Wonder Woman is a film about a superbly violent woman who uses her physical prowess to help end “the war to end all wars”. She kills countless German soldiers - dispatching one officer in hand-to-hand combat. She helps British and American soldiers eliminate German manufacturers of poison gas. When enraged, she destroys all around her, life and property. But her aims are pacifist - she wants to bring peace to the world.
She is Diana, the Amazonian princess who is also battling the God of War. She was trained to do so by her aunt, the greatest Amazonian General Antiope. When deciding to leave her Amazonian paradise for the grim theatre of war, Diana (Gal Gadot) explains that she is compelled to do so. Mirroring the self-reflections of many men who have enlisted to fight, she wonders who she’d be if she didn’t do what she thought was right. She embodies the prodigiously masculine virtue of honour.Atlas Entertainment, Cruel & Unusual Films, DC Entertainment
Yet, Diana remains supremely womanly. She cries at the death of innocents and the sight of broken male bodies returning from the battlefields of the first world war. She is drawn to babies and infants (to be fair, they are rare in the female-only Themyscira, her place of origin). She appoints herself protector of displaced women and children. So immense is her capacity for empathy that she unlocks a year-long, gridlocked frontline for the male soldiers behind her.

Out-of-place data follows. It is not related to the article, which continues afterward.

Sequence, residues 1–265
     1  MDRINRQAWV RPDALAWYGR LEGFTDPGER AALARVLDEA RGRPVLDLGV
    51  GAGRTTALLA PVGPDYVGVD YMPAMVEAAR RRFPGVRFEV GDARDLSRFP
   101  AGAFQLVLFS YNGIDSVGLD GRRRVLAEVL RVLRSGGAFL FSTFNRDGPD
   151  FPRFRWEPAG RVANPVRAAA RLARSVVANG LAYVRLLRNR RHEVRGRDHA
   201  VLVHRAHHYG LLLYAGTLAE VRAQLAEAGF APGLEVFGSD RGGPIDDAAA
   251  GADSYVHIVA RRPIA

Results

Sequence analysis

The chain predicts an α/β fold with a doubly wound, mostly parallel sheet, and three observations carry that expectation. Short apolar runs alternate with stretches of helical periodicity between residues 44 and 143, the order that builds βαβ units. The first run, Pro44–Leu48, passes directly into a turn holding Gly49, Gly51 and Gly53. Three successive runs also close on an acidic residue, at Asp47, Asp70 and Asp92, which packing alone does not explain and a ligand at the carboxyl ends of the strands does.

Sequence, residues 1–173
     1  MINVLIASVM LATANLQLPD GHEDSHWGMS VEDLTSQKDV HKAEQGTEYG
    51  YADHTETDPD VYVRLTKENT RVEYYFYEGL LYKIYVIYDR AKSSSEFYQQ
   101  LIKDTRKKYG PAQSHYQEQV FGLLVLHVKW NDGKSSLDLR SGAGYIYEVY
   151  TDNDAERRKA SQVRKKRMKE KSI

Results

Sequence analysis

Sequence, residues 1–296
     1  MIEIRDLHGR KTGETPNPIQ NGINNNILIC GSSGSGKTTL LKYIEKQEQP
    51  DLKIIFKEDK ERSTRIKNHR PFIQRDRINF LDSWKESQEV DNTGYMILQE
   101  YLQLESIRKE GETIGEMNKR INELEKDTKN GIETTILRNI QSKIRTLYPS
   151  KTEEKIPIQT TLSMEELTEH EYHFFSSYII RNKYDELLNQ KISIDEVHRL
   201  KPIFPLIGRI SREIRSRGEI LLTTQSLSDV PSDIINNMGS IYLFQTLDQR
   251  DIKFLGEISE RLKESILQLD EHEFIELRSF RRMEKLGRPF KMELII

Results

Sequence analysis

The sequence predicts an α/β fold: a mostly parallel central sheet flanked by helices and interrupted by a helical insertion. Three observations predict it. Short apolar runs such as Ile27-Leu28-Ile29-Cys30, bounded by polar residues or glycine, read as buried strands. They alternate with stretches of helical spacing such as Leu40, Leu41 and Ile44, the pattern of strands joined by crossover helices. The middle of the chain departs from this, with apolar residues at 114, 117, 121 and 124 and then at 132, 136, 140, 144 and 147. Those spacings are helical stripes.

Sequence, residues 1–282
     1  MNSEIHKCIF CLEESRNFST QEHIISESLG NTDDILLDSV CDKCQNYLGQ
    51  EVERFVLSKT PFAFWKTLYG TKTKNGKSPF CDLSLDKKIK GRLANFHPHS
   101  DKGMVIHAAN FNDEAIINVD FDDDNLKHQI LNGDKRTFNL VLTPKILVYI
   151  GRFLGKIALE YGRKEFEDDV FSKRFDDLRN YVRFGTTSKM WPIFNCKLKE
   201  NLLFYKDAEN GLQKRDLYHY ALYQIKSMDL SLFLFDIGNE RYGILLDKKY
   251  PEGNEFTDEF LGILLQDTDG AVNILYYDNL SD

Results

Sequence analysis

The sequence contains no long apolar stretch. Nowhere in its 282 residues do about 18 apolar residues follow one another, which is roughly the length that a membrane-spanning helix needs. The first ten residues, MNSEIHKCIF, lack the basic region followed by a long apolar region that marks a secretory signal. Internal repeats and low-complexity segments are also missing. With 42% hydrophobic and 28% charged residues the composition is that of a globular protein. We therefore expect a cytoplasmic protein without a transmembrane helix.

This is a paragon of femininity whose acts of violence are guided by masculine codes of honour. But what of “ordinary” women in England in the 1910s – the place and time in which the movie is set – who performed acts of violence?
Honour, violence and women
Historically, violence has not been seen as a feminine activity. Women were regarded as the sex that was more passive, submissive, and sensitive to others. Those who committed particularly violent acts tended to be labelled masculine at best, abhorrent at worst.
Men were permitted to use violence against other men in the name of honour. Honour meant courage, chivalry, honesty, and fairness. Honour codes were backed by the threat of violence.Atlas Entertainment, Cruel & Unusual Films, DC Entertainment
Women were not permitted to assume an active relationship with honour and its codes. Instead, a passive role was conferred on them through the notion of chivalry - a benevolent form of sexism whereby the strong, active sex protects the weaker, passive one.
England in the 1910s was home to notorious acts of female violence. Suffragettes – members of the Women’s Social and Political Union – performed a range of militant activities in the campaign for the vote: breaking windows, fire-bombing letterboxes and houses, and whipping and throwing hatchets at male politicians. These violent women challenged reigning concepts of womanhood.
Women against female violence
Authors: Sharon Crozier-De Rosa, Senior Lecturer in History, University of Wollongong